1 2 Previous Next 27 Replies Latest reply on May 13, 2013 6:59 AM by Billy~Verreynne Go to original post
      • 15. Re: IP problem
        Amit Shil
        lol.. i just have this habit of writing network - n/w and hardware as h/w, software - s/w :-) .. can blame it on the lot am working with, for a telecom giant.. we all use same jargons around here ..

        P.S - yeah, north west would have sounded weird!
        Regards Amit
        • 16. Re: IP problem
          HuaMin Chen
          Thanks all.
          I did ever do some change to the server as you can see eth0 is "". How to correct this and ensure it is fine to connect to outside?
          • 17. Re: IP problem
            You wrote:
            I see eth0 is currently "" that is the static IP I configured previously.
            I'm not sure what your problem is. If you assign a static IP it must be in a valid range that is routed via your network router, using NAT to connect outside or by your ISP. Like I previously mentioned, 192.168 numbers are a private network number and cannot be used on the public Internet without NAT services.
            • 18. Re: IP problem
              HuaMin Chen
              Yes, how to resolve this?

              Normally there should be one dynamic IP allocated to the server. But now there is problem with eth1.

              Edited by: HuaMin Chen on May 10, 2013 1:13 PM
              • 19. Re: IP problem
                You still neglected to say how your home network is connecting to your ISP.

                A typical example. Router is connected via ADSL. It is configured to automatically connect to ISP. It is configured as a DHCP server.

                The router has a private (non-Internet) network address, e.g. When it connects to the ISP, it gets an Internet IP address from the ISP.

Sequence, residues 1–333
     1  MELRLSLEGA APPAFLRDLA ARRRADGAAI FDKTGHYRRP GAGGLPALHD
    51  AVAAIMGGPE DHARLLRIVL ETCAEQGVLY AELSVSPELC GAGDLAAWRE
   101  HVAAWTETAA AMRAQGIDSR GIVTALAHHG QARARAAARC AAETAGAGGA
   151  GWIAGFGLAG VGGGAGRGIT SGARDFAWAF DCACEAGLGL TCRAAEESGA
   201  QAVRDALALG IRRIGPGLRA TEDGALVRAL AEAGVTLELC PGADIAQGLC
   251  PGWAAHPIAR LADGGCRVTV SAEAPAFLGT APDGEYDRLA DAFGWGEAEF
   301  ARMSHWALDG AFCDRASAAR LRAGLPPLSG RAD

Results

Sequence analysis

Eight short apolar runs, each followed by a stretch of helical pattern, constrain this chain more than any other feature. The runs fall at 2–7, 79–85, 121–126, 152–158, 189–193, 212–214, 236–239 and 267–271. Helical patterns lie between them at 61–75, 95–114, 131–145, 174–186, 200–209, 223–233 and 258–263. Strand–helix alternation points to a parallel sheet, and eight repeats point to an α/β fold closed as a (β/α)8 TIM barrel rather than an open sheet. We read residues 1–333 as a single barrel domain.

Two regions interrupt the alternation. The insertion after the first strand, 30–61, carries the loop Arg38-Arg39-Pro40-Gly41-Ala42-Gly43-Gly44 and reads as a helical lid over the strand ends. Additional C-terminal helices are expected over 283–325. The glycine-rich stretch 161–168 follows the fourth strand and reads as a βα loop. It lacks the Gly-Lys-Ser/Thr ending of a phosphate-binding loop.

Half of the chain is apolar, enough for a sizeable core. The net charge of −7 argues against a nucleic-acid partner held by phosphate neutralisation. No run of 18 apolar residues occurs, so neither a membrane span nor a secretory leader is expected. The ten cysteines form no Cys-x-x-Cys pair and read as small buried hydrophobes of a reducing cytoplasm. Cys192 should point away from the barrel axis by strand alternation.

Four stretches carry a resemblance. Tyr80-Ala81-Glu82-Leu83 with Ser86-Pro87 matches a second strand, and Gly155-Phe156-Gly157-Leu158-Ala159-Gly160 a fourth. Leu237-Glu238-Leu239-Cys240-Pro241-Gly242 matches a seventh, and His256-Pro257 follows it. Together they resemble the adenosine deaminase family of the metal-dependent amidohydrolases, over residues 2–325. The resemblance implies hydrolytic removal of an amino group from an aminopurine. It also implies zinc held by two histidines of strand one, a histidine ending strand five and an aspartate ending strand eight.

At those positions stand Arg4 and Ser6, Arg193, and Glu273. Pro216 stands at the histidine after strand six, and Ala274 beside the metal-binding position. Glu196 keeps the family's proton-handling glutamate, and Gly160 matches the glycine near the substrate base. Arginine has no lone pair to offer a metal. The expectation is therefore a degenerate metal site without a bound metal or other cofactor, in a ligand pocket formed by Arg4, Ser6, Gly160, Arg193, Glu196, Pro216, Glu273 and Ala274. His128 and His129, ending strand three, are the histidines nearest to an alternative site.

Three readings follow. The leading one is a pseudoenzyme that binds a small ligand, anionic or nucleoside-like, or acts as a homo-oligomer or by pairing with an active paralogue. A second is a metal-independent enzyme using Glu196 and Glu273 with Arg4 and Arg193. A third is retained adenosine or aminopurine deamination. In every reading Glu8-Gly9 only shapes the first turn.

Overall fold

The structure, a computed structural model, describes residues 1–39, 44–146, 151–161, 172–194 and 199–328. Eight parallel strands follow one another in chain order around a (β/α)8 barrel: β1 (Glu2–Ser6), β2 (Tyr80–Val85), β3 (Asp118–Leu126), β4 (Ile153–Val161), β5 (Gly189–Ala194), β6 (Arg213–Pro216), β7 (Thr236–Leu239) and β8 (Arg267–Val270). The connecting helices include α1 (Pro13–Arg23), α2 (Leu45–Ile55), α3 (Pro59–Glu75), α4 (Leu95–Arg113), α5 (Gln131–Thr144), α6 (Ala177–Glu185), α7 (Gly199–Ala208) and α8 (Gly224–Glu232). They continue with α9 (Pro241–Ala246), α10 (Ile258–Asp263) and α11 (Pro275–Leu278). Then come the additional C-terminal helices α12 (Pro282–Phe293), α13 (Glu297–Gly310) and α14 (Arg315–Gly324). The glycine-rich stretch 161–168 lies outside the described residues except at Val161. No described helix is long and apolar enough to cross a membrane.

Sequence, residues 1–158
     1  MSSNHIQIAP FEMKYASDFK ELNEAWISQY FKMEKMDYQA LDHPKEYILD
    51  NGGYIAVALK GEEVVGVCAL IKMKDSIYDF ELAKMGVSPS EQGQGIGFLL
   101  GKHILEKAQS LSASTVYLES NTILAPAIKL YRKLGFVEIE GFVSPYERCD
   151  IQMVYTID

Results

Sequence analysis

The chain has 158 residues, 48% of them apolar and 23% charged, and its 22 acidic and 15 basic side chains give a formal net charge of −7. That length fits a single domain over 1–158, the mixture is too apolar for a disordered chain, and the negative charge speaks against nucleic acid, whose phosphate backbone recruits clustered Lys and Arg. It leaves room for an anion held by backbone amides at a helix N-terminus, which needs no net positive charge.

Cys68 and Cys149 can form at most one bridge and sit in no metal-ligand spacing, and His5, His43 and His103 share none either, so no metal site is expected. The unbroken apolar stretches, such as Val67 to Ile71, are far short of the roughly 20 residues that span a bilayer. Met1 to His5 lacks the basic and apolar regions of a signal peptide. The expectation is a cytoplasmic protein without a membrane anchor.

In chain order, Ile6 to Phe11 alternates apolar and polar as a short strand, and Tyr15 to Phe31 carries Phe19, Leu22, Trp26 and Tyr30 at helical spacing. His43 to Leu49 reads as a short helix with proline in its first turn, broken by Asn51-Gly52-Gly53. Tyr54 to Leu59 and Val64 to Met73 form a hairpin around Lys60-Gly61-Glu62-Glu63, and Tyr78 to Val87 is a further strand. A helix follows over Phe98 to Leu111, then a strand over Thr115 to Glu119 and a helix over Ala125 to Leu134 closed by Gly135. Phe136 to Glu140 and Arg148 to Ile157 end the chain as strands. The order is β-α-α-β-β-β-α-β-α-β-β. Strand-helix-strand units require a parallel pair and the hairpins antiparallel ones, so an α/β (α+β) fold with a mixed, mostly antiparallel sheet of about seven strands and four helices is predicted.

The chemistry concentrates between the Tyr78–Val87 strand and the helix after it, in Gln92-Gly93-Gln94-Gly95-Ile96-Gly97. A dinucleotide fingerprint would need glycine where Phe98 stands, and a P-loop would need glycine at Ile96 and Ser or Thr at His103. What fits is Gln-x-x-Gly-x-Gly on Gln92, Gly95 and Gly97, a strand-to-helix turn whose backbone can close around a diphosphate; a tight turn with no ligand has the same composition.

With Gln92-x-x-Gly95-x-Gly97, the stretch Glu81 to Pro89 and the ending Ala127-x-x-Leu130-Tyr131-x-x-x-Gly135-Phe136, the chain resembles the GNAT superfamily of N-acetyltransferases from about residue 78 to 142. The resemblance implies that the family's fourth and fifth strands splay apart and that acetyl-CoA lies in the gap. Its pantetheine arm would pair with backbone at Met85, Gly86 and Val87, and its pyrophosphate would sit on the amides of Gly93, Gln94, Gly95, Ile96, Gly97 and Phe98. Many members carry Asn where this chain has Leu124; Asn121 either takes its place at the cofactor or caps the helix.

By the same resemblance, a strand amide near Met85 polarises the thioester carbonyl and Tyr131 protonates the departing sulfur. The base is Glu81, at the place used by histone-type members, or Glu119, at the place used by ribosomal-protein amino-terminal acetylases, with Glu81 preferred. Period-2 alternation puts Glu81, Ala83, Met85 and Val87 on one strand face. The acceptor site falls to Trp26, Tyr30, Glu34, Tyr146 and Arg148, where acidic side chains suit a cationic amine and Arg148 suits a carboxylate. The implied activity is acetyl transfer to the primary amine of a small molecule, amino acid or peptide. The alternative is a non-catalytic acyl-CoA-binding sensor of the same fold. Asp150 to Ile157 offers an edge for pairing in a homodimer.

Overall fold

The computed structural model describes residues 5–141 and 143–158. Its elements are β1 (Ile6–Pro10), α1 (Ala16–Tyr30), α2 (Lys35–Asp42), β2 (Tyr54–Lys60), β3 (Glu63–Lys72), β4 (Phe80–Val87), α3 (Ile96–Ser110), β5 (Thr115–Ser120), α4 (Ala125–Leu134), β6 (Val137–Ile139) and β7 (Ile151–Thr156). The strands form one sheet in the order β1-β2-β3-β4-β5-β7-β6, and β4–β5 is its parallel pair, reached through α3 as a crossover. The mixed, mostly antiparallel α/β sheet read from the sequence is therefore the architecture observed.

PC connects to router and, via DHCP, gets address Automatically, the default gateway is configured as (the router) on the PC - and via it, the PC now has Internet access.

                VM is created on PC. VM's network card should be configured as bridged - as this is the easiest ito setup. This means the VM itself is "directly" on your home network. The VM o/s can be configured as DHCP - which means it too (like its host) will get an IP from the router, it too will use the router as default gateway, it too will have Internet access via the router.

                No special magical configuration settings needed.

                Now if this does not work for you, explain in DETAIL how your home network looks like, HOW you connect to your ISP, and WHAT is used (e.g. PPPoE) to establish that connection.

                And keep in mind that these are network issues and not Linux issues and are actually off topic to this forum. So be accurate, be detailed, so we can wrap up this off topic discussion.
                • 20. Re: IP problem
                  HuaMin Chen
                  OK, other Vboxes (running in OL 5.? or Win 7 64-bit) are all connected fine using Bridged adapter to the host, by TCP/IP. But the current Vbox is having a problem and cannot connect to the Ineternet. How to resolve this?
                  • 21. Re: IP problem
                    There can be numerous reasons and guesses for your problem, but unless you provide reasonable technical info about your setup and what you are trying to accomplish, I'm afraid no one is going to spent the time going any further. I suggest to read the networking section in the VirtualBox manual.
                    • 22. Re: IP problem
                      HuaMin Chen
                      Thanks to you. Here are what I've got in the server.


                      Do you have any ideas why I can't connect to the Internet?
                      • 23. Re: IP problem
                        There are still too many unknowns.

                        a) Why do you have setup a virtual interface on the guest system (virbr0)?
                        b) How did you configure your TCP/IP setup?
                        c) How did you configure DNS?
                        d) How did you setup the Virtual Machine Network interface in VirtualBox?
                        e) Can you connect to the Internet from the host system?
                        f) Why is device eth0 down?
                        g) What are you TCP/IP requirements and what are you trying to achieve?

                        You seem to have a combination of issues and a strange setup.
                        • 24. Re: IP problem